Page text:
What a section of the UK’s Sikh community says is happening to it

The Sikh Council UK seems to be trying to stir suspicions against India. Were they to succeed, it would be profoundly damaging in all sorts of ways

Rashmee Roshan Lall

--

Photo by Sandy Millar on Unsplash

Nearly two weeks after the India-Canada row erupted, the story is transmuting, and in strange and dangerous ways.

On Friday, September 22, the Sikh Council UK, which calls itself “the largest representative platform for Sikh Gurdwaras and Organisations” sent out a press release (see photo). It described what it called its “urgent safety concerns and initiatives” for the entities it represents. The release darkly said that “reports have surfaced of individuals allegedly associated with the government of India making unwarranted approaches to members of our community residing in the United Kingdom”.

Particularly significant were the steps the Sikh Council said it was taking about its concerns and the extraordinary chain of events that followed. The Council said it had appealed “for guidance” to the UK’s Neighbourhood Watch network. Soon after, the national Watch sent out a weekend appeal to an estimated 90,000 coordinators of neighbourhood groups up and down the country. The national Watch asked everyone to support the Sikh community and to “actively report suspicious behaviour to the police”.

It is hard to overstate how damaging this sequence is. The Neighbourhood Watch is a national organisation that describes itself as the largest voluntary crime prevention movement in England and Wales. It has millions of members and they are, for the most part, ordinary British people in cities, towns and villages. Like most people around the world, these people’s view of international affairs is formed by the media as well as their own experiences. Their local neighbourhood watch group often enshrines the most engaged and community-minded British people in any area. If they start to see the Indian state as a thuggish organisation, it would be a low moment for India’s traditional image as a land of peace and spiritual goodness.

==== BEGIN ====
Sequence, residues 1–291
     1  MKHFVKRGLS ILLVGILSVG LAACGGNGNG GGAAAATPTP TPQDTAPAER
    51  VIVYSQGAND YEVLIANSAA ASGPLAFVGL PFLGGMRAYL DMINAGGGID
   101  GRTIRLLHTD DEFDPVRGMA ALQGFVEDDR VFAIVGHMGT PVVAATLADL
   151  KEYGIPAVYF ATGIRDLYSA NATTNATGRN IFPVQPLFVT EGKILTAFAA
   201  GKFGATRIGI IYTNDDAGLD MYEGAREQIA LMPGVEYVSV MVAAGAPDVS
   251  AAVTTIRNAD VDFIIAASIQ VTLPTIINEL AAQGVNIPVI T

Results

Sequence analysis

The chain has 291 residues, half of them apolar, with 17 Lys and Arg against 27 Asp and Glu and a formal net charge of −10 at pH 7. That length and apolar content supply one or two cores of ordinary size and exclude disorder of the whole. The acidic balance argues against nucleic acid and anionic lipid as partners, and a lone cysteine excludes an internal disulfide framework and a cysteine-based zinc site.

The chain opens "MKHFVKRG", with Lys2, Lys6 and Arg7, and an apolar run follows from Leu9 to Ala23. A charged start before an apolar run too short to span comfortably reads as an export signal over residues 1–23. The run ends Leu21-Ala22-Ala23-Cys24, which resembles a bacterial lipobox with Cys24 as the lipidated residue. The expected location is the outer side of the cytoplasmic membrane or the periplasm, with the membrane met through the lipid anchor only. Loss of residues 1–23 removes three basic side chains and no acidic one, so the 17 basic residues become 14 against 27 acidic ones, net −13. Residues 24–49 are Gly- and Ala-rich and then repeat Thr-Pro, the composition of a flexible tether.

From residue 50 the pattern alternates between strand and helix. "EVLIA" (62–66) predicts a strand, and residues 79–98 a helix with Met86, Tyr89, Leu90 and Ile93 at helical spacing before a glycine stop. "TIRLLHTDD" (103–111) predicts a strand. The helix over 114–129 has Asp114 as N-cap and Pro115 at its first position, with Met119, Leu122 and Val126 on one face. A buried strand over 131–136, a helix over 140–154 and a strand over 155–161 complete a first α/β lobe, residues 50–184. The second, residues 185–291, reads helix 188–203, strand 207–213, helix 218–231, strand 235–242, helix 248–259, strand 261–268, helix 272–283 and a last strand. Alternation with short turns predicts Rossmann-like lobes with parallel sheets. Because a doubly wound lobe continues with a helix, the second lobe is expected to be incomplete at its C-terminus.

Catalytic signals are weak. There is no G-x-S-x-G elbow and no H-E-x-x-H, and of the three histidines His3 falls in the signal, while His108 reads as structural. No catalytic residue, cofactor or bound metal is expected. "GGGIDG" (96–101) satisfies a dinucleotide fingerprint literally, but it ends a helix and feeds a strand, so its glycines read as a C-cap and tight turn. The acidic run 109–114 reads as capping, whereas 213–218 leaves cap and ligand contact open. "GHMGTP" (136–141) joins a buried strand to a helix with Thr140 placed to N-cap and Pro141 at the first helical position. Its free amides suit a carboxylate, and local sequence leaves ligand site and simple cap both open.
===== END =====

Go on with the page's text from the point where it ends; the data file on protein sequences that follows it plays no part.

With its appeal to the national Neighbourhood Watch network, it could be argued that the Sikh Council UK has taken its sense of grievance into the heart of communities that know little about the issue of Sikh separatism or politics on the Indian sub-continent. The Council appears to be using a variant of a tried and true strategy to advance its goals: rather than focussing only on its own diasporic community of faith, it is seeking the wider moral backing of new compatriots.

It comes after days of acrimony between India and Canada. The row started with Canada’s prime minister Justin Trudeau accusing the Indian government of murdering a Canadian national on Canadian soil. India denied any hand in the untimely death of Hardeep Singh Nijjar, a Sikh separatist or someone who advocated for the creation of Khalistan, an independent Sikh homeland to be carved out of India.

But Mr Trudeau’s public allegation made him Public Enemy Number One among Indians in India and elsewhere. His country too, inoffensive though it has long sought to be, has been in the firing line from New Delhi. In India, there continues to be enormous outrage at “Canada’s hospitality”, which some contemptuously categorise as foolishly undiscriminating towards everyone, from “Khalistanis to Ukrainian Nazis”.

The Sikh Council UK’s efforts seem to be aimed at stirring suspicions against India. If they succeed, it would be profoundly damaging not just for India but in all sorts of ways.

Originally published at https://www.rashmee.com

Also read:

India-Canada row: Risks of dissent

India-Canada row: Sweden’s Kurds and the Khalistanis of Canada

Split screen is the best way to view the India-Canada spat

--

--

Rashmee Roshan Lall

PhD. Journalism by trade & inclination. Writer. My novel 'Pomegranate Peace' is about my year in Afghanistan. I teach journalism at university in London